Warning Before you install a certification authority (CA), you should be aware that you are creating or extending a public key infrastructure (PKI). Be sure to design a PKI that is appropriate for your organization. See PKI Design Brief Overview for additional information.

Enabling LDAPS for domain controllers using a single-tier CA hierarchy

LDAP over SSL/TLS (LDAPS) is automatically enabled when you install an Enterprise Root CA on a domain controller (although installing a CA on a domain controller is not a recommended practice). You can see examples of this in the Test Lab Guide Base Configuration for Windows Server 2008 R2, Building an Enterprise Root Certification Authority in Small and Medium Businesses, and Install and configure Microsoft Active Directory Certificate Services (AD CS) using Windows Server 2008 R2.

Enabling LDAPS for domain controllers using a multi-tier CA hierarchy

When you have a multi-tier (such as a two-tier or three-tier) CA hierarchy, you will not automatically have the appropriate certificate for LDAPS authentication on the domain controller. In order to enable LDAPS in a multi-tier CA hierarchy, you must request a certificate that meets the following requirements:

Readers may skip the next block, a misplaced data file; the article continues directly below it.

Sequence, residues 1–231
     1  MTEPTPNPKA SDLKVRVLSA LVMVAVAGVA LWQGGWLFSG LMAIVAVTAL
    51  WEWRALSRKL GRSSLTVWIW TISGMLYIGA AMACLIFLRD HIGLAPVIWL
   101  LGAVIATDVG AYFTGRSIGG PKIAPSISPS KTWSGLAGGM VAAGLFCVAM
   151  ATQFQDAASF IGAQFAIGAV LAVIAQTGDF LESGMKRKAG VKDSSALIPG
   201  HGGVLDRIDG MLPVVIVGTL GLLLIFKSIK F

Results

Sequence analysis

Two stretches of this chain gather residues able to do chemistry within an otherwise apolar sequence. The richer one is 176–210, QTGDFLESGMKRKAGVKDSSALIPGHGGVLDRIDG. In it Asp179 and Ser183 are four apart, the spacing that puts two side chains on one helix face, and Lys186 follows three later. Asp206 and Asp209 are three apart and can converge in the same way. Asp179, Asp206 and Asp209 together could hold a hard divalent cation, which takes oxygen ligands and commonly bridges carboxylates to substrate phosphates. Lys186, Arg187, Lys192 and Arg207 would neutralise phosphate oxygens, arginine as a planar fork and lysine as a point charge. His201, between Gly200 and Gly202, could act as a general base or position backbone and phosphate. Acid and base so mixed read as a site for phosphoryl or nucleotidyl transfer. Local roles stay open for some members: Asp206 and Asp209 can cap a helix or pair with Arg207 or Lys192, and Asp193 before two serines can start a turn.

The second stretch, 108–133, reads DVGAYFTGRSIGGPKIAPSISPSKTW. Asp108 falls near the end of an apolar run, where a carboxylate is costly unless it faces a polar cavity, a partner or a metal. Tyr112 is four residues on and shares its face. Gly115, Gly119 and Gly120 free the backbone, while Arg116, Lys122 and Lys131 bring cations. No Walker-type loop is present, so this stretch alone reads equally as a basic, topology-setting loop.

• Certificate must be valid for the purpose of Server Authentication. This means that it must also contains the Server Authentication object identifier (OID):
  • The Subject name or the first name in the Subject Alternative Name (SAN) must match the Fully Qualified Domain Name (FQDN) of the host machine, such as Subject:CN=server1.contoso.com. For more information, see How to add a Subject Alternative Name to a secure LDAP certificate.
  • The host machine account must have access to the private key.
Publishing a Certificate that Supports Server Authentication